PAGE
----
Iran organised 10 kidnap and death plots, MI5 says


There have been at least 10 potential threats by Iran to kidnap or kill British or UK-based people this year.

The figure was revealed by the head of MI5, Ken McCallum, in his annual update on threats facing the UK.

Mr McCallum also warned the UK “must be ready for Russian aggression for years to come”.

But he said Russia had suffered a strategic setback after a mass expulsion of its spies around the world in the wake of its invasion of Ukraine.

“No one should be under any illusion about the breadth and variety of the threats we face in 2022,” Mr McCallum told an audience inside Thames House, the security service’s London headquarters.

He warned the biggest shifts his service was seeing came in threats posed by other states who were “not squeamish about the tactics they deploy”.

Iran projected threats “directly” in the UK through its “aggressive intelligence services”, he said.

This included ambitions to kidnap or even kill British or UK-based people perceived as enemies of the regime, he said.

“We have seen at least 10 such potential threats since January alone,” he revealed.

Last week it emerged that Iranian journalists based in the UK had received warnings from the police about potential risks to their lives.

Mr McCallum said MI5 had been working with domestic and international partners to disrupt what he called “completely unacceptable activity”.

He said he could not provide further details of the potential plots but said Iran had sometimes operated using their own spies and sometimes others to work on their behalf utilising a combination of tactics, sometimes taking actions within Western countries and sometimes trying to lure people back to Iran.

He said the country’s willingness to undertake “reckless” actions had been seen across Europe in recent years.

The MI5 head said Iran had also been providing support to Russia, including by supplying drones which, he said, had been “inflicting misery” in Ukraine.

He warned Russia’s invasion of Ukraine had been “raising national security questions some thought consigned to the history books”.

Moscow will continue to use a mixture of covert threats – like spies and cyber-attacks – as well as more open means like pressure on energy prices and disinformation to target the UK, he warned. “They will keep attacking us.”

But the MI5 head sounded an optimistic note on the ability of countries to make it harder for Russia’s spies to operate.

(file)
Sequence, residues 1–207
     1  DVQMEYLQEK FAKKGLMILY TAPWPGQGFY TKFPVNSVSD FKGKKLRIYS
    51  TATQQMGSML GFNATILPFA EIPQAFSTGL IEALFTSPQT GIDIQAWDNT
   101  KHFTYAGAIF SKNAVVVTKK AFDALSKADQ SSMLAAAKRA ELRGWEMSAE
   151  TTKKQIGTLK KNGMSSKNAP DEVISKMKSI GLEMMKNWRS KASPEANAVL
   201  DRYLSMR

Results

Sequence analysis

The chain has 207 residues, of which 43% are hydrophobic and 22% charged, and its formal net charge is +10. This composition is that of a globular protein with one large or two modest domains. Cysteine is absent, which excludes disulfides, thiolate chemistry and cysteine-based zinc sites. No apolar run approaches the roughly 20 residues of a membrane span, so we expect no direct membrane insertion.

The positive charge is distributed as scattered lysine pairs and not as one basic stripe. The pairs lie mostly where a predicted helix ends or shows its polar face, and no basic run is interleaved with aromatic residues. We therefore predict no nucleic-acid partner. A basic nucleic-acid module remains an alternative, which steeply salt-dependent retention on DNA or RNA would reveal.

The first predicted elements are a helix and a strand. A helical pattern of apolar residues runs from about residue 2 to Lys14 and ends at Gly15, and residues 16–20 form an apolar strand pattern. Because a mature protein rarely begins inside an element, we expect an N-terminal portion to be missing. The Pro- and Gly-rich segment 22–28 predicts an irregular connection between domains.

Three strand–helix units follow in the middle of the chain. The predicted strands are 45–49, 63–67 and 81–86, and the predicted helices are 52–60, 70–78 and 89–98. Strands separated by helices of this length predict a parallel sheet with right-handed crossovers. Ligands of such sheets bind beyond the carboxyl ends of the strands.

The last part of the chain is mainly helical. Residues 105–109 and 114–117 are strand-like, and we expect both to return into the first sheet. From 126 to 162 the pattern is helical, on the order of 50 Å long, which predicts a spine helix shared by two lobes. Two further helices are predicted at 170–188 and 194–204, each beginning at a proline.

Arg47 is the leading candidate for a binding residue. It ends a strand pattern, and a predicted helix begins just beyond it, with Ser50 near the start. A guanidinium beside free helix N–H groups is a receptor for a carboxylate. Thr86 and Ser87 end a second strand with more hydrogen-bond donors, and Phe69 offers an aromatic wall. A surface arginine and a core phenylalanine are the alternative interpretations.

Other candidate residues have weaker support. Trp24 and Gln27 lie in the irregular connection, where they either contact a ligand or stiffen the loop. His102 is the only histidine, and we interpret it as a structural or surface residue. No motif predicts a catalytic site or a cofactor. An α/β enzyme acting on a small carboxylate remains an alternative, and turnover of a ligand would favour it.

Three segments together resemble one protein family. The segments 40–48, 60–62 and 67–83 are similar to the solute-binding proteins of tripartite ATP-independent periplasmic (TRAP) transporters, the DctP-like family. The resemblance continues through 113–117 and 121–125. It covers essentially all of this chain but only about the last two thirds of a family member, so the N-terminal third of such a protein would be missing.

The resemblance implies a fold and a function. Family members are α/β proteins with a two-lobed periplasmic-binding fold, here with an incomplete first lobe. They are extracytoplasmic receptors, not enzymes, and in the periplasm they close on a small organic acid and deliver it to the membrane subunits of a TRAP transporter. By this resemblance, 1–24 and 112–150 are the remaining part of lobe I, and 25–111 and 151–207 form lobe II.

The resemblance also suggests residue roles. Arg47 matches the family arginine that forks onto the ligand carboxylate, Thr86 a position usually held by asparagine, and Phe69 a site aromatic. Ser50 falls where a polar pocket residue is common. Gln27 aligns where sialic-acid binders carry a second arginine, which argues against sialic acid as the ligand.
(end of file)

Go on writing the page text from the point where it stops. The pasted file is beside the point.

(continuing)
More than 600 Russian officials have been expelled around the world since the invasion of Ukraine in February and more than 400 are believed to be spies, Mr McCallum revealed. “This has struck the most significant strategic blow against the Russian intelligence services in recent European history.”

In the UK, 23 Russian spies posing as diplomats had been expelled. But in addition some 100 more Russians have been denied diplomatic visas on national security grounds to replace them, he said.

“We should not be complacent,” the MI5 head added. “We need to be prepared to expect Russian aggression covertly and overtly against the UK in the years to come.”

He warned China was a “large and enduring challenge” using “all means at their disposal” to monitor and sometimes intimidate those considered opponents.

Recently a pro-democracy protester was attacked at the Chinese consulate in Manchester.

“We’re seeing further indications of that repression,” the MI5 chief said, adding this was extending beyond the reports of overseas police stations into other ways of applying pressure on those challenging Beijing.

“To intimidate and harass UK nationals or those who have made the UK their home cannot be tolerated,” Mr McCallum said.

In January, MI5 issued an unusual interference alert about Chinese attempts to influence UK politics and Mr McCallum said Chinese intelligence services continued to try to influence public life, including by recruiting potential agents early on in their careers, for instance as local councillors or before they had become parliamentary candidates.

Terrorism remained a threat, he said, although that posed by international networks was not as acute as a few years ago.

Since 2017, MI5 and the police had disrupted 37 late-stage attack plots, he said, a rise of eight since his update on threats last year.

These were a mix of Islamist and extreme right-wing terrorism.

On the latter, he said MI5 was seeing a growing number of right wing extremist influencers operating globally and amplifying conspiracy theories.

He said MI5 was still seeing international terror groups trying to regroup and also what he called “the wicked problem of self-initiated lone actor terrorists, fiendishly hard to detect and disrupt”.

A concern is the growth in attempts to acquire firearms, including homemade and 3-D printed weapons.__BBC